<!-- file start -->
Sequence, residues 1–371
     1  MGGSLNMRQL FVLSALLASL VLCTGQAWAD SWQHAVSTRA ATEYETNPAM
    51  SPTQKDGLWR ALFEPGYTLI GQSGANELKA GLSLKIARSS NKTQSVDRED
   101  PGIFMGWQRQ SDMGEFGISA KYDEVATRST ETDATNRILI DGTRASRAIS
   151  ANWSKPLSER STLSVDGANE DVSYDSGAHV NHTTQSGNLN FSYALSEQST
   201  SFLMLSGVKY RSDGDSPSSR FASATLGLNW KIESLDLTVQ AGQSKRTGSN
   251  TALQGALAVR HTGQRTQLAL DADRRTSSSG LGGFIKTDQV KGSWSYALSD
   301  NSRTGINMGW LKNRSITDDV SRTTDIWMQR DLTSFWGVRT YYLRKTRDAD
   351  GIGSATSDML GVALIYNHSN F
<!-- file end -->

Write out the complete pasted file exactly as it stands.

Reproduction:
Sequence, residues 1–371
     1  MGGSLNMRQL FVLSALLASL VLCTGQAWAD SWQHAVSTRA ATEYETNPAM
    51  SPTQKDGLWR ALFEPGYTLI GQSGANELKA GLSLKIARSS NKTQSVDRED
   101  PGIFMGWQRQ SDMGEFGISA KYDEVATRST ETDATNRILI DGTRASRAIS
   151  ANWSKPLSER STLSVDGANE DVSYDSGAHV NHTTQSGNLN FSYALSEQST
   201  SFLMLSGVKY RSDGDSPSSR FASATLGLNW KIESLDLTVQ AGQSKRTGSN
   251  TALQGALAVR HTGQRTQLAL DADRRTSSSG LGGFIKTDQV KGSWSYALSD
   301  NSRTGINMGW LKNRSITDDV SRTTDIWMQR DLTSFWGVRT YYLRKTRDAD
   351  GIGSATSDML GVALIYNHSN F